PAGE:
One of those conversations

There is no way to prevent Mookie from encountering people’s strange and hurtful ideas about her parents. It’s all part of the lesson that when the world tells you you need to be different, that’s usually because there’s something wrong with the world, not you–but it is hard to have to begin learning it so young. We try to immunize her with a strong affirmation of who she is, our own refusal to hide or be ashamed, and of course, lots and lots of love. I try not to let her know how my stomach clenches when the issue comes up, such as during this exchange with her yesterday:

Mookie, putting wombat stuffie* under her shirt: We’re a wombat family and I’m going to have a baby. We already have Mustard** and he’s eight, and I’m going to adopt him.
Me: Oh, exciting!
Mookie: You be the daddy.
Me: Can’t we be two mommies? And you be the mama who’s having the baby.
Mookie: But then we’ll be teased.
Me, dropping out of character, but trying to keep it light: Have you had teasing about having two mommies?
Mookie: Yes. People say “that’s weird.”
Me: We can handle that. We know how.

(a few minutes later, post-birth, amid much jubilation from the delighted older brother)

Mookie: I don’t want there to be any teasing in this game. I think you should be a daddy.


Mookie, age 2

So we talked some more about who had said “That’s weird.” She said it was not just the kid in her class who did it in the first month of school, but other friends, more recently. I hugged her, asked her to bring these things up as they happen because there’s things we can do, and resolved to talk to her first grade teacher on day one about some proactive education about Different Kinds of Families, since some of them clearly still don’t get it. I added that kids tend to say “That’s weird” about things that are new to them, which is very annoying. And we ended with this reassuring bit of sweetness.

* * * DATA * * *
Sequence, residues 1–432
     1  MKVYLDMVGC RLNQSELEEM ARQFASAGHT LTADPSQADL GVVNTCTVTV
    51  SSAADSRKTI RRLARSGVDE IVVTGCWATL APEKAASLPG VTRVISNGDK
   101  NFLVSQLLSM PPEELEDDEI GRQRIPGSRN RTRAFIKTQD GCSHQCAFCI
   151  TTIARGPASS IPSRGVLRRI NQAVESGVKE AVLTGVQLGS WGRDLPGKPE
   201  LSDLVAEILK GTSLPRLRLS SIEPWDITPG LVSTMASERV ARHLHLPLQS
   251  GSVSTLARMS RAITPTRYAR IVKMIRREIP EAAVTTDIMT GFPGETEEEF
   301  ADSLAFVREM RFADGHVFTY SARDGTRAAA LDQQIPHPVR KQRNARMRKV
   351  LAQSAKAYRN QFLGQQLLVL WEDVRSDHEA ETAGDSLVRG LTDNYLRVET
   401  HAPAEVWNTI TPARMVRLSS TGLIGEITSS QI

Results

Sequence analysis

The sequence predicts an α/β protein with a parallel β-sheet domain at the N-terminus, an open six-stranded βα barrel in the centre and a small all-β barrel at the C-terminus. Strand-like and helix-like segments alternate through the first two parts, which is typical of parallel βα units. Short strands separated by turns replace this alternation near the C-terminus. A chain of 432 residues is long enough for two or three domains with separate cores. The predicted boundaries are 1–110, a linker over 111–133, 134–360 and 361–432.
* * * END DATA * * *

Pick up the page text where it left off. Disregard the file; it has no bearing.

Me: Of course, I am weird. (makes weird noise)
Mookie: You are not!
Me: Yes, I am. And so is Mommy. She goes like this. (makes another weird noise)
Mookie, throwing herself into my lap and her arms around me: No, she’s not. You’re perfect.

Got that, heteronormative world? You’ve heard it from the world’s foremost expert on Amy and Joy, Queer Moms: We’re perfect!

*Yes, we have a wombat stuffie, brought by Australian friends. Thank you, Tabouli and Pilgrim!
**Mustard is a cat stuffie. Maybe the multi-species thing explains the adoption?

Welcome to our new location

Hello, Mookie fans,

I’ve moved over here because the Livejournal format was really cumbersome for loading photos, which are the high point (some would say the point) of this blog. Also, it’s easy for you to sign up to get a notice whenever there’s a new post about Mookie–click on the “Follow” button at right.

So, I’ll jump right in with some updates. Last Saturday we went to the zoo before opening time for a special breakfast with the lemur keeper and an early-morning visit to the lemurs. Mookie won a red-ruffed lemur in the raffle! Stuffed animals have gotten so much more interesting since Mookie’s Mommy and I were kids. I seem to remember the choices being pretty much bears, rabbits, dogs, cats. The occasional mouse or snake. Now we have, not a snake, but a coral snake. Not a monkey, but a spider monkey. Not a lemur (a creature I hadn’t even heard of when I was her age), but a red ruffed lemur. Another child won a ring-tailed lemur. The distinction is important.

We renewed our membership, even though it seems sometimes as if we are paying $95/year for a playground membership. The playground is Mookie’s favorite part of the zoo. Second favorite is this tiger.

She would rather visit it than the real tigers. But once dragged to the animals, she does enjoy them enough that we decided to stick with membership.